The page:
# Talk:Approximate conversion of units

## SI to US but what of UK?[edit]

There's no mention of the Imperial system here at all. Why is that? It's time to change this. Jimp 15Jul05 ... Done. Jimp 16Jul05

## Name Change[edit]

Would *Approximate conversion between English and SI units* not be a better name than *Informal conversion of common units*? Jimp 16Jul05 ... Done. Jimp 23Aug05 Better still: *Approximate conversion between English and metric units*. The litre is not SI. I'm changing it again. Jimp 1Dec05 You'd think I could make up my bloody mind wouldn't you but I'm now thinking that *Approximate conversion of units* would be even better still. This is more succinct. The fact that the conversions are between English and metric units as opposed to any others is not really important nor completely accurate. There are no articles which deal with approximate conversions to, from or between other types of units. I don't see the need for the creation of such an article. Such conversions would probably be better included here rather than on another page. Also some conversions are within the metric system or between U.S. & imperial units. Calories to Joules, for example, is a conversion within the metric system just as U.S. pints to imperial pints is a conversion from one set of English units to another. We have an article *Conversion of units*. This will be a closer parallel with that article having the same title except for the addition of *Approximate*. Jimp 06:32, 19 October 2006 (UTC)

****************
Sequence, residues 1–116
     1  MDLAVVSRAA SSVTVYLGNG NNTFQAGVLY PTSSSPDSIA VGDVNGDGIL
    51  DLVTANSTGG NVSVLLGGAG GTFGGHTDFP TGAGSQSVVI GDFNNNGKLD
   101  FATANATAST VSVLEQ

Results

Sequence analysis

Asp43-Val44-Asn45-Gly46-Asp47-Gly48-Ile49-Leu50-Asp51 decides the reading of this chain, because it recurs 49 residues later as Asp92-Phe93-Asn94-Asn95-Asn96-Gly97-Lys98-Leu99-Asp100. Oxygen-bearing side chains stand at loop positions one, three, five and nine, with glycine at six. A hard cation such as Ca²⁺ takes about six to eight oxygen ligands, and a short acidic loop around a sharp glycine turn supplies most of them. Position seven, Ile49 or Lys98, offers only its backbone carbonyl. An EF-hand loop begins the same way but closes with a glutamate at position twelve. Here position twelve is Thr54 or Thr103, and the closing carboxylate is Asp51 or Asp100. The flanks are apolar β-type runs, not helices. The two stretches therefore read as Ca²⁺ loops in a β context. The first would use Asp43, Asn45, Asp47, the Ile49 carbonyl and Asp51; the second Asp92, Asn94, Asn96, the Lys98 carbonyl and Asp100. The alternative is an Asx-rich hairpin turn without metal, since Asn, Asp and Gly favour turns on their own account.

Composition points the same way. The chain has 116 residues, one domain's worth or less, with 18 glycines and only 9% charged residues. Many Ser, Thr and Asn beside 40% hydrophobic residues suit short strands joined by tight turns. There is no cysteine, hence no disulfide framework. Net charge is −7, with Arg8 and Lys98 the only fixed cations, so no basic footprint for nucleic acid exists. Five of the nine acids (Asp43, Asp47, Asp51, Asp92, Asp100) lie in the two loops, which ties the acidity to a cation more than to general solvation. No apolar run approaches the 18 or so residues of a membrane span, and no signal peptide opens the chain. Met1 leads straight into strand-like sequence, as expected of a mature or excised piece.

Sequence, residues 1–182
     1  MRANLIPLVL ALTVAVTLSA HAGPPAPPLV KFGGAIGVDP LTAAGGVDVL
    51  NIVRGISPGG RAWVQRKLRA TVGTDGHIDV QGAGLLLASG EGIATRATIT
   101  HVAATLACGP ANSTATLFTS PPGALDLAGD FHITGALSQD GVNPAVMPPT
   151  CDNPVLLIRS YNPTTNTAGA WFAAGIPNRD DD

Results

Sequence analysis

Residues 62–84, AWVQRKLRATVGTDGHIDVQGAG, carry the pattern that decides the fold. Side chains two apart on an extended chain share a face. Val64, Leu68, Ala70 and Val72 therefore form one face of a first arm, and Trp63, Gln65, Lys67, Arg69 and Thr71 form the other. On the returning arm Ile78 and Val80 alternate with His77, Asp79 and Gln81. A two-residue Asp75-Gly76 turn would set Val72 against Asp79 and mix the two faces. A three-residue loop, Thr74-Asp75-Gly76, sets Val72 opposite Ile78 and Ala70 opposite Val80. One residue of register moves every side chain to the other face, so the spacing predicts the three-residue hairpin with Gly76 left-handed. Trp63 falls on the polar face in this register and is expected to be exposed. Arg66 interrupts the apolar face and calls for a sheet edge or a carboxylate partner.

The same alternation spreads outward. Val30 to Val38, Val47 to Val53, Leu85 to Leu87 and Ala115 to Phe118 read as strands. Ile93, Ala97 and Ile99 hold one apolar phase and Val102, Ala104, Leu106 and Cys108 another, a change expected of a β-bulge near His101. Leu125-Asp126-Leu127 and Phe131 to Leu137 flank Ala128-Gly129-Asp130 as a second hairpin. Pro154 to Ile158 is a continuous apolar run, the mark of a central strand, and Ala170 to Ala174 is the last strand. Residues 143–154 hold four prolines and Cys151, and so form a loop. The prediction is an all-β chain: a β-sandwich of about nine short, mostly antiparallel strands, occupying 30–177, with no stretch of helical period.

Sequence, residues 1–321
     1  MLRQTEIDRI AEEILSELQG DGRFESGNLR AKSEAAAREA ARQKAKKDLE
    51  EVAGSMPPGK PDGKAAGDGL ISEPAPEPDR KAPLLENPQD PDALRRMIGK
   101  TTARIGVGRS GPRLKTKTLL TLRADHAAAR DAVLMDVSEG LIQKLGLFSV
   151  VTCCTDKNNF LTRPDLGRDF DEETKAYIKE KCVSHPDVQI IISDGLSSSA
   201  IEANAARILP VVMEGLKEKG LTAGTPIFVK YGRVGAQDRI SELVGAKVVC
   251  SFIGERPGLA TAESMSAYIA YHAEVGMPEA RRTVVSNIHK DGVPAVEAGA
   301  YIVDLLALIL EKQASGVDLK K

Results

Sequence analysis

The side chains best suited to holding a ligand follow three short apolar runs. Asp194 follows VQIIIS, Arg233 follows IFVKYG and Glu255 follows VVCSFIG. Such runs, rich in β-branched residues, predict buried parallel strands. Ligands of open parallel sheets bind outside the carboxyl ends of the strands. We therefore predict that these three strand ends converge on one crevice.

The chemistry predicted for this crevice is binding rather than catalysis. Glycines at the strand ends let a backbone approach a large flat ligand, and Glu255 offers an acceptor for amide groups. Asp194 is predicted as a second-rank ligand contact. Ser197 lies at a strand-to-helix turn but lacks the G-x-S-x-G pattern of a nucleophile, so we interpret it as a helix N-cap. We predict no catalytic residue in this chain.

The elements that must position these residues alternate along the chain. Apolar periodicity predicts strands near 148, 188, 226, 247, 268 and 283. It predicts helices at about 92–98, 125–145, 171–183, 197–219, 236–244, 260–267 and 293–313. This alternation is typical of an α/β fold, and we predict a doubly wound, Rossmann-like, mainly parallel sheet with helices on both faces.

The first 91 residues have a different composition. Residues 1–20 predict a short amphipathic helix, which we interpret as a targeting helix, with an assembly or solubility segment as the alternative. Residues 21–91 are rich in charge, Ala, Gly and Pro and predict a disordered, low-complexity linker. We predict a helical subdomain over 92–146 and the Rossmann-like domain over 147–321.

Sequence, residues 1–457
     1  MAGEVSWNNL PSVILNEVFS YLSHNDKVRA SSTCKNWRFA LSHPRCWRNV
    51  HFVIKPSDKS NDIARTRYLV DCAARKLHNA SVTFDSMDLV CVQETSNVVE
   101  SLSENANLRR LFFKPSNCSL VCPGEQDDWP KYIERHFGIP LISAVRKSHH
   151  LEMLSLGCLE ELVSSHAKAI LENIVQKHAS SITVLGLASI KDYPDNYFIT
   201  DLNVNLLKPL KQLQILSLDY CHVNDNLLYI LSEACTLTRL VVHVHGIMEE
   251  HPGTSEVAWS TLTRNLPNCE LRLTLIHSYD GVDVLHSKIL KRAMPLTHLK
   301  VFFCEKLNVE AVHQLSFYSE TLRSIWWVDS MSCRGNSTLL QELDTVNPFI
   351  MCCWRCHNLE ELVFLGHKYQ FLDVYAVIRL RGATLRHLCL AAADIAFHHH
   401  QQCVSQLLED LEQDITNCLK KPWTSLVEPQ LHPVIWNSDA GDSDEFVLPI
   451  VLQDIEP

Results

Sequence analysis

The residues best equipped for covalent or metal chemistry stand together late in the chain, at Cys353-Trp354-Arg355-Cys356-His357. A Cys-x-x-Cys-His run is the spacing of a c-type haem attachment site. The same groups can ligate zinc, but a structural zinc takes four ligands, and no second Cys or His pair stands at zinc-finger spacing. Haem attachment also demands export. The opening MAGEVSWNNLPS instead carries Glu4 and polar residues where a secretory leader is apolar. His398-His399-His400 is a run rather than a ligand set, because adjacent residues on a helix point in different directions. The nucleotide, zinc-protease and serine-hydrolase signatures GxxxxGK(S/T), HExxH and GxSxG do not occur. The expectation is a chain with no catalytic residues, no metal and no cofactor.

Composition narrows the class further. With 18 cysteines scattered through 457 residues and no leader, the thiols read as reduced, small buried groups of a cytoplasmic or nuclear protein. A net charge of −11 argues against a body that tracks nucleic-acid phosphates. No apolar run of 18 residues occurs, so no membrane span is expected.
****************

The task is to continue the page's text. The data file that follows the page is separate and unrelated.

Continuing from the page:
## What's the point?[edit]

What is the point of this article? Wouldn't a list of actual conversions be better, and the user could decide exactly how far off they wanted to be by choosing the number of decimal places to use? How is this better? --Eliasen 00:10, 19 July 2006 (UTC)

### Exact is much better[edit]

Why not just give exact conversions?

### An answer[edit]

Yes, exact is much better. Why not give exact conversions? Yes, why not? They're given elsewhere. The point of the article is to give some good approximations which are easy to use. Take the following approximation.

- 13 in. ≈ 33 cm

This is a relatively simple ratio and it's good to within 0.07%. Note that neither 33⁄13 nor 13⁄33 can be expressed as a terminating decimal. This leads us to the following useful approximation.

- 1 m ≈ 3 ft. 3 in.

This is still good to within 1%. Okay, let's try using an approximation arrived at simply by rounding up one decimal place.

- 1 in. ≈ 2.5 cm

This has an error greater than 1.5%. Useful simple approximations are not necessarily obvious from simply looking at a table of exact conversions ... of course some of them are and those could possibly be trimmed from the article. Jimp 07:28, 17 October 2006 (UTC)

## Convenience not accuracy[edit]

Ortolan88 who created this article made the following comment in the edit summary.

“ | new table, clip and carry wherever you go, please expand, but remember, convenience, not accuracy | ” |

I agree with him. The article has expanded immensely. However, you might wonder how convenient or useful some of the entries are. I plan to do some trimming down of the article. One thing I'll be doing is getting rid of duplication in the form of "1 in. ≈ 25 mm = 2.5 cm = 1⁄4 dm", we don't need the the value in mm, cm & dm one will do. Jimp 03:23, 20 October 2006 (UTC)

## Indication of accuracy[edit]

Ortolan88 used the following terminology to indicate whether the approximate value was greater or less than the original value.

“ | 3 cm just over 1 inch (just over, round down conversion)